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Before the advent of frame construction during the nineteenth century, most walls were of a
load-bearing type. Since the late 1800s, however, the nonload-bearing wall has become
quite common because other members of the structural frame can be used to provide
stability. As a result, today we have walls that serve all sorts of purposes, such as retaining
walls, basement walls, partition walls, fire walls, and so on. These walls may or may not be
of a load-bearing type.
In this chapter, the following kinds of concrete walls will be considered: nonloadbearing,
load-bearing, and shear walls (the latter being either load-bearing or nonload-bearing).

NonLoad-Bearing Walls
Nonload-bearing walls are those that support only their own weight and perhaps some
lateral loads. Falling into this class are retaining walls, facade-type walls, and some
basement walls.
For Nonload-bearing walls, the ACI Code provides several specific limitations, which are
listed at the end of this paragraph. The values given for minimum reinforcing quantities and
wall thicknesses do not have to be met if lesser values can be proved satisfactory by
structural analysis (14.2.7). The numbers given in parentheses are ACI section numbers.
1. The thickness of a Nonload-bearing wall cannot be less than 4 in. or 1
30 times the least
distance between members that provide lateral support (14.6.1).
2. The minimum amount of vertical reinforcement as a percentage of gross concrete area
is 0.0012 for deformed bars #5 or smaller with fy = at least 60,000 psi, 0.0015 for other
deformed bars, and 0.0012 for plain or deformed welded wire fabric not larger than
W31 or D31that is, 58
in. in diameter (14.3.2).
3. The vertical reinforcement does not have to be enclosed by ties unless the percentage
of vertical reinforcing is greater than 0.01 times the gross concrete area or where the
vertical reinforcing is not required as compression reinforcing (14.3.6).
4. The minimum amount of horizontal reinforcing as a percentage of gross concrete area is
0.0020 for deformed bars #5 or smaller with fy 60,000 psi, 0.0025 for other deformed
bars, and 0.0020 for plain or deformed welded wire fabric not larger than W31 or D31
5. The spacing of vertical and horizontal reinforcement may not exceed three times the
wall thickness, or 18 in. (14.3.5).
6. Reinforcing for walls more than 10 in. thick (not including basement walls) must be
placed in two layers as follows: one layer containing from one-half to two-thirds of the
total reinforcing placed in the exterior surface not less than 2 in. nor more than one-third
times the wall thickness from the exterior surface; the other layer placed not less than

in. nor more than one-third times the wall thickness from the interior surface (14.3.4).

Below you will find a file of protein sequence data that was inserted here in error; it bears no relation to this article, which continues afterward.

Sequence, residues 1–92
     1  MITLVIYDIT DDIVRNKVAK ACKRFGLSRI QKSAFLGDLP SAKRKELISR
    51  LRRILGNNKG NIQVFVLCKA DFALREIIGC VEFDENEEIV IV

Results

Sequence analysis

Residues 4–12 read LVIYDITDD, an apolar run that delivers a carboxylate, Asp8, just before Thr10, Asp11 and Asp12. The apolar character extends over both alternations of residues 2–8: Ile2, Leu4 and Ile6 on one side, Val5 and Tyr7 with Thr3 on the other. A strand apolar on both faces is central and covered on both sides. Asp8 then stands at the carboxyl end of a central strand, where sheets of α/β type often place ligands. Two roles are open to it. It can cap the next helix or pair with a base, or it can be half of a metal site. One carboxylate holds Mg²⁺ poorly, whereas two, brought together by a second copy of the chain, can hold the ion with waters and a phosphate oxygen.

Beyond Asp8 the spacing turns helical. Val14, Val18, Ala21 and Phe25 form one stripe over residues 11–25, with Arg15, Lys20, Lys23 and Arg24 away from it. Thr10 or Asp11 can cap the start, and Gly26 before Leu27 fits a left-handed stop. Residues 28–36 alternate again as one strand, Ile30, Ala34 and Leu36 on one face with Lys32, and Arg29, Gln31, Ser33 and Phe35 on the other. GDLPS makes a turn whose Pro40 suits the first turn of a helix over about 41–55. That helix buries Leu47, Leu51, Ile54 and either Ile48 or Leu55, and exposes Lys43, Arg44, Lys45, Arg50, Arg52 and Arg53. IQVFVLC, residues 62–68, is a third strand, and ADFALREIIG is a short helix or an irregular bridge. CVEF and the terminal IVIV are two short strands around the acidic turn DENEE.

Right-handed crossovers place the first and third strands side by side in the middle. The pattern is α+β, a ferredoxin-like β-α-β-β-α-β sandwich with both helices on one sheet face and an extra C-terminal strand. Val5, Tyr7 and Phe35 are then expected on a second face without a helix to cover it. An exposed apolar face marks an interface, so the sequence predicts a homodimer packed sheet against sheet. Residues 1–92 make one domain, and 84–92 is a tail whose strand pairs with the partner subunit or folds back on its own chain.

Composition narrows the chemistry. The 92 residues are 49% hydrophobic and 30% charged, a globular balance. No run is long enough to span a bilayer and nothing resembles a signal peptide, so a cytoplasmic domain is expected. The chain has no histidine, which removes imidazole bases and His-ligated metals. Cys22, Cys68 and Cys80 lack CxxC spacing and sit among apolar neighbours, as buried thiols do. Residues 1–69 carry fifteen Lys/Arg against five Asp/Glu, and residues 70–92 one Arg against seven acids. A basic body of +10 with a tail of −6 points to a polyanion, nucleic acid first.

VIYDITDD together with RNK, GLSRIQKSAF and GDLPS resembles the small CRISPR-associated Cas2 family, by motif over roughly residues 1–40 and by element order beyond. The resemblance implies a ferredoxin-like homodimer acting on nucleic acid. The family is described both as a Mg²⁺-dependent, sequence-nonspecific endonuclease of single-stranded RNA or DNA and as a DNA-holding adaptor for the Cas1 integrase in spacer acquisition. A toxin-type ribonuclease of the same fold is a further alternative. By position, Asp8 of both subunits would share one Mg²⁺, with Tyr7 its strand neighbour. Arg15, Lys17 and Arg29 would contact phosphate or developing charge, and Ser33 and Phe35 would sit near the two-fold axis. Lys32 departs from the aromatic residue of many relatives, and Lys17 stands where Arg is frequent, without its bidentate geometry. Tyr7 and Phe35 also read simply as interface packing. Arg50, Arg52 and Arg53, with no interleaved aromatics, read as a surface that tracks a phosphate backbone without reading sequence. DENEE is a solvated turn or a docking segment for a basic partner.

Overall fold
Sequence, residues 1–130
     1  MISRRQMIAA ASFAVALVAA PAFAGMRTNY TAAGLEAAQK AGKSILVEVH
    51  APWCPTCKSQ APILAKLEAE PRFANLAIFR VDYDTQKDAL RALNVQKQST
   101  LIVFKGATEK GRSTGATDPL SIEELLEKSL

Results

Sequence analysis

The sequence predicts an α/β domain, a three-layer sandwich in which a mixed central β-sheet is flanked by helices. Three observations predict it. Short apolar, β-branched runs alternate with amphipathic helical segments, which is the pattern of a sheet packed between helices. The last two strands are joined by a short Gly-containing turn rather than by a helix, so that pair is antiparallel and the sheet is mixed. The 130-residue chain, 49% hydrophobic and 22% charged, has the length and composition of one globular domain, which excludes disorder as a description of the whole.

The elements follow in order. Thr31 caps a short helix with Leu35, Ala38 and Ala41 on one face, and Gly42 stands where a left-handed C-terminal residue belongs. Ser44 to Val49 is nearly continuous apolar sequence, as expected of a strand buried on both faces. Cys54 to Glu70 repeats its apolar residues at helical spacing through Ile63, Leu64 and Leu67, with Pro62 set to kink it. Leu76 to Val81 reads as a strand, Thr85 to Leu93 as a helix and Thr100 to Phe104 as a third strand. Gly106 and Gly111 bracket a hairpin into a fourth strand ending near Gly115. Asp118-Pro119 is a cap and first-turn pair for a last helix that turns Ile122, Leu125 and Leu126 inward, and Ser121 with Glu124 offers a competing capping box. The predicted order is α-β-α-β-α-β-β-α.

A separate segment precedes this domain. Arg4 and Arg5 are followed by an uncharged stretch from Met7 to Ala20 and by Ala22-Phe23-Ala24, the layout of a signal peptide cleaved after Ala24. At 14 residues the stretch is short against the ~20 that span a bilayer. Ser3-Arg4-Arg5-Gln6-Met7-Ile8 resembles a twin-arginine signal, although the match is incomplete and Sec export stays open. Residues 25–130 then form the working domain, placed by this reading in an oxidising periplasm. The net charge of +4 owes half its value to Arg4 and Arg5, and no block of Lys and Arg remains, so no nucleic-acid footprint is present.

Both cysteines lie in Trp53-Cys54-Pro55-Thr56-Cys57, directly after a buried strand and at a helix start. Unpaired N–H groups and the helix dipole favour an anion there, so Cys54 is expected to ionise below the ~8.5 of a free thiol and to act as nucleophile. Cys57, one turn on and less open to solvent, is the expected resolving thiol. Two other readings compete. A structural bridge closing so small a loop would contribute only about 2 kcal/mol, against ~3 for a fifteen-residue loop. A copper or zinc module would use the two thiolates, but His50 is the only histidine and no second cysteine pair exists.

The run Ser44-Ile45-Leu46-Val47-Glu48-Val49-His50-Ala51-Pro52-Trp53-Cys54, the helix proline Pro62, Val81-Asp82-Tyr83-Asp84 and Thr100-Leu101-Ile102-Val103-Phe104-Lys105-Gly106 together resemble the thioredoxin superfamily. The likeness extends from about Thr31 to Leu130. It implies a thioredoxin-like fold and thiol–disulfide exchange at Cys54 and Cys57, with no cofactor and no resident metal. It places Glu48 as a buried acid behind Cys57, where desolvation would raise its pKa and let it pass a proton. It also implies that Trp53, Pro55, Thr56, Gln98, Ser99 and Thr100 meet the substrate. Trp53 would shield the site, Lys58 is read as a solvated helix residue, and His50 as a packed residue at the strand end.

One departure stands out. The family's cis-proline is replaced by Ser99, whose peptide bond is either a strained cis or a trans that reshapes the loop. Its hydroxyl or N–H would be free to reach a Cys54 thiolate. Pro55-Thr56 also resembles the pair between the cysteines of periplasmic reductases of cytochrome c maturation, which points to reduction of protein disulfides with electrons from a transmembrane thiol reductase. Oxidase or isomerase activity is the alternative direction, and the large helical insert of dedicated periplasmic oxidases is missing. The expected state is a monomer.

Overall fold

7. For walls less than 10 in. thick, the code does not specify two layers of steel, but to
control shrinkage, it is probably a good practice to put one layer on the face of walls
exposed to view and one on the nonstressed side of foundation walls 10 ft or more in
8. In addition to the reinforcing specified in the preceding paragraphs, at least two #5 bars
in walls having two layers of reinforcement in both directions, and one #5 bar in walls

having a single layer of reinforcement in both directions, must be provided around all
window, door, and similar-sized openings. These bars must be anchored to develop fy
in tension at the corners of the openings (14.3.7).
9. For cast-in-place walls, the area of reinforcing across the interface between a wall and
a footing must be no less than the minimum vertical wall reinforcing given in 14.3.2
10. For precast, nonprestressed walls, the reinforcement must be designed in accordance
with the preceding requirements on this list, as well as the requirements of Chapter 10
or 14 of the code, except that the area of the horizontal and vertical reinforcing must
not be less than 0.001 times the gross cross-sectional area of the wall. In addition, the
spacing of the reinforcing may not be greater than five times the wall thickness or 30 in.
for interior walls, or 18 in. for exterior ones (16.4.2).

Load-Bearing Concrete WallsEmpirical

Design Method

Most of the concrete walls in buildings are load-bearing walls that support not only vertical
loads but also some lateral moments. As a result of their considerable in-plane stiffnesses,
are quite important in resisting wind and earthquake forces.
Load-bearing walls with solid rectangular cross sections may be designed as were
columns subject to axial load and bending, or they may be designed by an empirical method
given in Section 14.5 of the code. The empirical method may be used only if the resultant of
all the factored loads falls within the middle third of the wall (i.e., the eccentricity must be
equal to or less than one-sixth the thickness of the wall). Whichever of the two methods is
used, the design must meet the minimum requirements given in the preceding section of
chapter for nonload-bearing walls.
This section is devoted to the empirical design method, which is applicable to relatively
short vertical walls with approximately concentric loads. The code (14.5.2) provides
an empirical formula for calculating the design axial load strength of solid rectangular
walls with e less than one-sixth of wall thicknesses. Should walls have nonrectangular
cross sections (such as ribbed wall panels) and/or should e be greater than one-sixth of wall
thicknesses, the rational design procedure for columns subject to axial load and bending
(Section 14.4) must be followed.
The practical use of the empirical wall formula, which is given at the end of this paragraph,
is for relatively short walls with small moments. When lateral loads are involved,
e will quickly exceed one-sixth of wall thicknesses. The number 0.55 in the equation is an
eccentricity factor that causes the equation to yield a strength approximately equal to that